Although often considered a “mental” condition, there are any number of physical symptoms of anxiety and stress. Not to get too holistic here, but the mind and the body are one unit: what happens in the mind will be expressed through the body. That’s not to say that everyone will experience the same symptoms, however – some may suffer one or two physical symptoms while other s may be experience many more.

On their own, these symptoms are generally not harmful but when mixed together at a frequent rate, they can lead to serious illnesses. Individual patients will be affected differently, so being aware of what the physical symptoms are, and how they can cause a body to react, is the key to diagnosing the severity of anxiety and stress. Physicians generally recommend that individuals suffering from 4 or more physical symptoms of anxiety or stress should seek a medical opinion.

Physical symptoms of anxiety or stress can consist of dizziness, headaches, chest pain, racing heart, sore eyes, queasy stomach, panic, weak legs, disturbing thoughts, visual nightmares, tingling sensations, and tremors. If whatever is causing the anxiety is temporary then these symptoms will likely disappear as quickly as they occurred. But if any of these physical symptoms are long-lasting and disruptive, they may be signs of a more serious problem. That’s when talking with a physician is crucial.

When physical symptoms of anxiety and stress produce physical illnesses they become a time bomb ready for combustion. Anxiety feeds on the symptoms, which in turn aggravates the illness, causing more anxiety. This process becomes an endless circle of pain and suffering as the patient’s physical and mental health deteriorates.

If the causes are not addressed and the anxiety is left unchecked, it could eventually lead to an anxiety disorder. This is a serious medical illness. Anxiety disorders affect approximately 19 million American adults and almost as many children and adolescents. In fact, anxiety disorders as a group are considered to be the most common mental illness in America.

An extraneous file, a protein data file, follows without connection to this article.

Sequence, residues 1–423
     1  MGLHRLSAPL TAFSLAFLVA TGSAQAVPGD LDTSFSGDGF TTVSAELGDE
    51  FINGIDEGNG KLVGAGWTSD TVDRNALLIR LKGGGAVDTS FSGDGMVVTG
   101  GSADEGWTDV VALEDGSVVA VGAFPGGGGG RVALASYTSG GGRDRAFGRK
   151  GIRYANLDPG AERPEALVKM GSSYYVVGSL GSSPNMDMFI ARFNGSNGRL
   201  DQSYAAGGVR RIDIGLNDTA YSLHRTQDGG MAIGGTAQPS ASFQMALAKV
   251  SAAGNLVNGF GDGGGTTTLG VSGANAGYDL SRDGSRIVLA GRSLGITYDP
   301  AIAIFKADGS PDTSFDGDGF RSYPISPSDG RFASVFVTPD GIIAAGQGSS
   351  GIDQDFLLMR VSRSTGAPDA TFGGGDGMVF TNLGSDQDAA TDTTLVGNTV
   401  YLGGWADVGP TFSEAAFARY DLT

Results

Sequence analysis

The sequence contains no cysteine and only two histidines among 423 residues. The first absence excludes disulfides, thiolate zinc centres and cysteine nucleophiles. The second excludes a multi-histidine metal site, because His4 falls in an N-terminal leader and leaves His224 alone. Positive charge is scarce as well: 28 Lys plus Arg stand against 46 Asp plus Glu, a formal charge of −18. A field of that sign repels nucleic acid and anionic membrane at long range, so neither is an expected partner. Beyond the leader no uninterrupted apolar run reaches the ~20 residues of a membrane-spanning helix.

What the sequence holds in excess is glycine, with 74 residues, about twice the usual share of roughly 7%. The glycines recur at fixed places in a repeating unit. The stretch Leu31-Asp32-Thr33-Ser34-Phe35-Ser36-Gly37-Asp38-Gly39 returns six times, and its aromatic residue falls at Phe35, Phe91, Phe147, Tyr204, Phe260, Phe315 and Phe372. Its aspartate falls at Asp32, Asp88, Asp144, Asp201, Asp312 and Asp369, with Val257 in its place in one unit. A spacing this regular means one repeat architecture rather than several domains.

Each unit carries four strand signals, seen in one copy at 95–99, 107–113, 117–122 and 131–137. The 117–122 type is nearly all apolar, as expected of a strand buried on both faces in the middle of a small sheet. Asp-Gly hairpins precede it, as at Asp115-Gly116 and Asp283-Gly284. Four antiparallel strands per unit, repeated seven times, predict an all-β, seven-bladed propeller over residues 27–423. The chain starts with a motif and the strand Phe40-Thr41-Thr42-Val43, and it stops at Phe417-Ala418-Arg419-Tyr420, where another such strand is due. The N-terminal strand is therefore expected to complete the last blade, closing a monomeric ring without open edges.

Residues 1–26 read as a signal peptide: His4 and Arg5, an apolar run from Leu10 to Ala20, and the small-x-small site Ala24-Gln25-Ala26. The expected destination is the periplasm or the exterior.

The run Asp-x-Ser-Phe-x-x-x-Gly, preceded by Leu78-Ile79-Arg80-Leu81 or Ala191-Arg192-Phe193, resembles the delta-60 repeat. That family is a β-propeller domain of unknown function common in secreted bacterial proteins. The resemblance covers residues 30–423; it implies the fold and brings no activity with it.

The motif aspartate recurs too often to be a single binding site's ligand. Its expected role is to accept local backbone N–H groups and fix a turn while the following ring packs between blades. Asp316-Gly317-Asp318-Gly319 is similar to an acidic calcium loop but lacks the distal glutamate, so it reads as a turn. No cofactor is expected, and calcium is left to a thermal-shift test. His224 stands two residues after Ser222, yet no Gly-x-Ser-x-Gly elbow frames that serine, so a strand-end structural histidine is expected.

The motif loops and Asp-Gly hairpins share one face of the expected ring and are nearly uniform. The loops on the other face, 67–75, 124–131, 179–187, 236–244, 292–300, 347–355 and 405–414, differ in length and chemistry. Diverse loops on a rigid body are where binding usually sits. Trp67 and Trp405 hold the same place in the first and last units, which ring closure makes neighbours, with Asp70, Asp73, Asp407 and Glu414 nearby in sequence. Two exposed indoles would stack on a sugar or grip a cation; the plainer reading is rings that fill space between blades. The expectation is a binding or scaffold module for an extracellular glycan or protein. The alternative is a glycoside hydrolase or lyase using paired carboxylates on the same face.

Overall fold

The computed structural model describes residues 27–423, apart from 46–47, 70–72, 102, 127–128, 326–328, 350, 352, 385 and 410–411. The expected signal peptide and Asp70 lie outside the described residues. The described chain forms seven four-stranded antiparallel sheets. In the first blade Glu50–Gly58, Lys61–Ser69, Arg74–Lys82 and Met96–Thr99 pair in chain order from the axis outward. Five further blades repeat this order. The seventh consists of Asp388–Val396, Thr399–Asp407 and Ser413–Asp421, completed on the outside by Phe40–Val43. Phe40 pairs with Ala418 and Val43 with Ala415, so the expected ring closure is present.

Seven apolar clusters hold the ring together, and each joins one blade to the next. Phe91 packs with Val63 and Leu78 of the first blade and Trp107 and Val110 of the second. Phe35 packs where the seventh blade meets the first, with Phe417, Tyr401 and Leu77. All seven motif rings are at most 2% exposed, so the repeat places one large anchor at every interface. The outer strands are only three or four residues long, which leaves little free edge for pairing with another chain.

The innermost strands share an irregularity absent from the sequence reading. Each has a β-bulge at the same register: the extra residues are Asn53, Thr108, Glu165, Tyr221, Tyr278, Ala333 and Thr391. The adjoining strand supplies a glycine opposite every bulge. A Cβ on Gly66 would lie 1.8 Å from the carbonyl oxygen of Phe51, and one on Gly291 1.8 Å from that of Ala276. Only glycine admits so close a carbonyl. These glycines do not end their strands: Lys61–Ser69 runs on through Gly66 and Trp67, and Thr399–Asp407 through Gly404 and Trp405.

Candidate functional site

Now a word of caution: just because you’re feeling anxious does NOT mean you’re suffering from a disorder – only a physician can make that make that diagnosis.

Overwhelming anxiety and fear dominates the life of a patient with an anxiety disorder. These disorders are chronic, relentless, and can grow progressively worse if not treated.They are linked to a number of physical problems, including arthritis, migraines, allergies, thyroid disease, respiratory disease, and gastrointestinal issues. Left unchecked they can also lead to other mental disorders such as panic, phobia, obsessive-compulsive, and agoraphobia. Treatment must be administered as soon as possible to avoid the complete shut down of the immune system.

Physical symptoms of anxiety and stress are not meant to be hidden: they make themselves known because the body is trying to heal itself, and it wants these things dealt with. Fortunately these symptoms are fairly easy to spot; they’re not as silent as, say, symptoms of cancer or heart disease. They are not shy and, because of this, they give a person every opportunity to hunt them down and treat the underlying causes.

Awareness and education about the physical symptoms of anxiety and stress are important to patients, physicians, psychiatrists, and the general public. No one is immune to these to anxiety and stress so knowing how to subdue them will benefit virtually everyone.